Amidst the Warriors’ postseason dominance, Klay Thompson has been uncharacteristically struggling. The Splash Bro is averaging playoff career-lows in scoring (14.4 points per game) and shooting (38.3% from the field.) Thompson was remarkable for Golden State in 2016—this year, he’s only scored over 20 points in two postseason games, which is the same number of times he’s scored in single digits. Of course, Thompson’s disappearance hasn’t slowed down the Warriors one bit in the last 12 games. If he wakes up, the Cavaliers could be toast. But if Thompson’s offense remains an issue, the door to winning opens a little bit more for Cleveland.
What role will the bigs play in this series?
The Warriors have played extremely well with both Zaza Pachulia and Javale McGee on the floor as they’ve swept their way through the West. Will Golden State be tempted to play a little bigger against Cleveland because of their impact? McGee could especially pose an issue for the Cavs’ bench lineups, as Channing Frye would be asked to cover a lot of ground to contain the Dubs’ shooters while also preventing McGee from getting easy rim-runs.
Meanwhile, Thompson was the unsung hero of the last Finals, as his defense on Curry on the perimeter allowed Cleveland to remain big even when Golden State went to the Death Lineup. How Thompson fares one-on-one after switching onto a smaller player could go a long way in determining how this series plays out.
It’s also possible the bigs are kept off the court for large stretches. We already know what the Warriors can do with Green at center. Against Boston, Tyronn Lue deployed LeBron at center for some brief stretches, and those lineups were devastating offensively.
Will the Warriors miss Steve Kerr?
Steve Kerr is not expected to return to the bench during the Finals as he continues to deal with complications from a back surgery he underwent in 2015. Mike Brown has more than kept the ship afloat in his absence, leading the team admirably with a fairly cheery disposition. Still, the stakes will be on another level in this round, and Brown will have to make tougher decisions than he’s had to over the last three rounds. The Warriors have obviously played very well without Kerr when he’s been absent, but they also haven’t faced any real adversity in those moments. If the Cavs can put the Warriors in a hole at any point during this series, then the coaching could become a serious factor.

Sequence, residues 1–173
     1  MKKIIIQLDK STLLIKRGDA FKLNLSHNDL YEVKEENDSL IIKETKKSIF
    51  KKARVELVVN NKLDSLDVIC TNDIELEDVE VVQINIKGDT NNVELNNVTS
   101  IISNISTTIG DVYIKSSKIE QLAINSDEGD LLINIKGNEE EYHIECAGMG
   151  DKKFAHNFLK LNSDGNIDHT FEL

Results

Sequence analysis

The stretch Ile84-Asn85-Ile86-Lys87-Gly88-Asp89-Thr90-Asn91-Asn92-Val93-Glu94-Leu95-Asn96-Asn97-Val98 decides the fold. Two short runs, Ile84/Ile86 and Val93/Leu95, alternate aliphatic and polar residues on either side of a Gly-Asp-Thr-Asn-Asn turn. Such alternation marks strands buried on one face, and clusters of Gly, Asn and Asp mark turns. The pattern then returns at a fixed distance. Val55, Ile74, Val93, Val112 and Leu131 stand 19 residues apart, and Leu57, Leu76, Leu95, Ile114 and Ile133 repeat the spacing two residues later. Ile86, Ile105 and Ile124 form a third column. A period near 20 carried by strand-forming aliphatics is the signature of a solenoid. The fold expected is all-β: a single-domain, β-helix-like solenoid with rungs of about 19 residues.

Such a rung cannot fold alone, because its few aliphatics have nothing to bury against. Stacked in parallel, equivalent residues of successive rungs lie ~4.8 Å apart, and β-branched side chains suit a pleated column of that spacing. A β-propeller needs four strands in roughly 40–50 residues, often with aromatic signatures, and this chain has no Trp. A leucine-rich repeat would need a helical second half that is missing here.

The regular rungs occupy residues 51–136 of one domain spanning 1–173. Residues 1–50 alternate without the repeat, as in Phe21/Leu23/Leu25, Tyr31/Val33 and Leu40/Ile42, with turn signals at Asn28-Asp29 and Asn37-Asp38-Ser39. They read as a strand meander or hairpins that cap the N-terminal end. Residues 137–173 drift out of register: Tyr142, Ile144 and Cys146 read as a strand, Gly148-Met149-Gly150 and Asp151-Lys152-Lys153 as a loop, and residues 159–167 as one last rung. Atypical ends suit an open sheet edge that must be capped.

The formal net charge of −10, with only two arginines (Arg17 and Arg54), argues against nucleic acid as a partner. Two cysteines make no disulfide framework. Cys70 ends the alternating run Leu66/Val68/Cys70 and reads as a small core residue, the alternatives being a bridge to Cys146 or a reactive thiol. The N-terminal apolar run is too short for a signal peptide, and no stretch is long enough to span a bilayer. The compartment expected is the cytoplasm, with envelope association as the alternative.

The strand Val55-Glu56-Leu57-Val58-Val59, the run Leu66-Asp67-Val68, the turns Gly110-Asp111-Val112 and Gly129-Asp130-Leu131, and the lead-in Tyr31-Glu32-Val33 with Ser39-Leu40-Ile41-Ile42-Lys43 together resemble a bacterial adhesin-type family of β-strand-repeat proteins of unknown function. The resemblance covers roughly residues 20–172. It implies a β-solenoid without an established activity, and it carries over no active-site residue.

Can the Cavs keep shooting lights out?
Cleveland has been the No. 1 team from three in the playoffs, both in terms of makes per game and field-goal percentage. That’s probably the Cavs’ best path to winning against the Warriors—out-shoot them for three. That’s easier said than done for multiple reasons. Golden State will by far be the best defense Cleveland has seen during the playoffs. The Dubs are No. 1 in defensive efficiency in postseason play, and they finished second in that category in the regular season. The Warriors will be more comfortable than any other team switching out onto the Cavs’ shooters, and they also have the offensive firepower to match Cleveland bucket-for-bucket on the outside. Cleveland’s shooters will also have to hold their own defensively. Guys like J.R. Smith and Korver have done well enough on that end so far, but now their defensive assignments will be Hall-of-Fame level talents. Ultimately, if the Cavs keep shooting well without giving up a three every time back down the court, they can start thinking upset.
Will this series be fun?
The Warriors will be heavily favored in the Finals, and rightfully so. But after the boring postseason we’ve endured, the Basketball Gods owe us another classic. Who doesn’t want to see this series go another seven games? We can only hope both teams deliver another masterpiece.